August 2, 2021 23 Comments
I’ve been overwhelmed with everything that could be written, in this period of unparalleled transition, opportunity, and existential crisis for the EB-5 industry and investors. I’ll start by getting out a few words on the elephant of reauthorization, so that I can move on to many updates about USCIS processing, policy revisions, visa numbers and timing, and direct EB-5. And my business plan writing day job, also.
Before I begin my editorial about reauthorization, note that I’m summarizing and commenting from a distance on what I’ve read and heard. You can get more information and direct involvement by joining an advocacy group. Regional Centers and service providers can join IIUSA and/or EB5IC to get educated and influence legislative efforts. For EB-5 investors, I recommend joining AIIA. This organization is off to an impressive start in getting meetings with Congressional staff and industry decision-makers, and holds regular video call updates to involve and inform even small donors. For Chinese investors specifically, I see that AAED has recently been the largest spender on EB-5 lobbying.
And now, my perspective on the outlook for regional center program authorization.
Question: When will the regional center program be reauthorized? Answer: after Congress agrees to the industry’s reauthorization wish list, or the industry backs down and accepts sub-optimal reauthorization legislation. Practically, September 2021 now appears to be about the earliest that reauthorization could happen, and the latest it should happen.
Everyone seems to agree that regional center program authorization can’t get passed as a stand-alone bill, but must get loaded onto one of the big legislative trains going through Congress. That could mean the infrastructure bill being finalized right now, or the budget reconciliation and appropriations bills that will come up in September. The disagreement comes with the question: how big a reauthorization bundle can and should we try to load onto a legislative train? How small a bundle can the industry agree to present, and how large a bundle will Congress be willing to take onboard?
With S.831/ H.R.2901, Senator Grassley made a relatively small bundle: just reauthorization with integrity measures. Integrity measures are not fun for the industry, but they are politically uncontroversial. No Congressperson is going to get slammed in the media or face an election challenge for having voted for integrity measures. EB-5 industry groups dislike some details, but they unite in saying that they support integrity measures. The industry association IIUSA supports S.831 because it’s a small bundle, and thus relatively easy to fit on a legislative train. The industry association EB5IC opposes S.831 because it’s a small bundle, and thus leaves some important industry priorities behind on the platform. EB5IC accepts reauthorization and integrity measures, but wants that to be bundled together with programmatic changes to reopen new investment: TEA/investment amount changes and visa set-asides. AAED, the group lobbying particularly for Chinese investors stuck in a terrible backlog, wants reauthorization to be bundled with visa relief.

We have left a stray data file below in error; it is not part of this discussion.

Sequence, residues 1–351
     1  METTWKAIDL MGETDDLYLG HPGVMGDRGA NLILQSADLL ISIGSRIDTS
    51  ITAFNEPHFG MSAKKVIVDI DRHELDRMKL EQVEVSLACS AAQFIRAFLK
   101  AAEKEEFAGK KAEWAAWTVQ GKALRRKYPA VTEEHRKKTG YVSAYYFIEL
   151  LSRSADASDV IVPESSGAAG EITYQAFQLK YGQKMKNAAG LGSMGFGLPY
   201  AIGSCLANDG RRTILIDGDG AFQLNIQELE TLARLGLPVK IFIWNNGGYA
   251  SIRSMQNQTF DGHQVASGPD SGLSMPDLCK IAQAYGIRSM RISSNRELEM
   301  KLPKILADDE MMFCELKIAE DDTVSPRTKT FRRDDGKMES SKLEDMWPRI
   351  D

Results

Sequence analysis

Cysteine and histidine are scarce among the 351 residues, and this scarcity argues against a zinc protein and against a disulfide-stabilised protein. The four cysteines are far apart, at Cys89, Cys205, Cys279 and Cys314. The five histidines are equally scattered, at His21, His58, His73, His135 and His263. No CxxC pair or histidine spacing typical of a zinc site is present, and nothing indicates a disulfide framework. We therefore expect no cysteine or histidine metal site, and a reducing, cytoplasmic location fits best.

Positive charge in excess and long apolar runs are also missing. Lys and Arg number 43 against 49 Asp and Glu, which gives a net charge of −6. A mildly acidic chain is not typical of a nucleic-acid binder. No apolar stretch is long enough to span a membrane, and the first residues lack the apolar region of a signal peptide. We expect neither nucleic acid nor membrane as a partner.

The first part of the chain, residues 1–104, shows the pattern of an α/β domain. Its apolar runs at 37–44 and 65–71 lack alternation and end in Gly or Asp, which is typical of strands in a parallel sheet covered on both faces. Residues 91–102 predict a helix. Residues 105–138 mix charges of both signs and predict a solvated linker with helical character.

Both EB5IC and AAED see reauthorization as the prime and only near-term chance to get what they need on a legislative train, and thus they balk at allowing a smaller reauthorization bundle to proceed instead. But the things that EB5IC and AAED want to add to reauthorization are politically controversial, thus increasing the risk that legislative trains will pass by without accepting such large bundles. A Congressman can get slammed in the media and his next primary for having been seen to support TEA changes that obviously benefit prosperous urban developers. If he supports additional visas or new admissions for EB-5, he’ll incite everyone who’s against immigration, and also spark opposition from everyone who’s in favor of immigration but wants the same benefits for different categories. The politically-costly legislative bundles contemplated by EB5IC and AAED would have some great benefits for the EB-5 industry, if only they could be passed, but they create a high political hurdle for reauthorization. The industry has previously agreed that that TEA and visa relief asks are desirable, but now disagrees as to whether they’re at all achievable.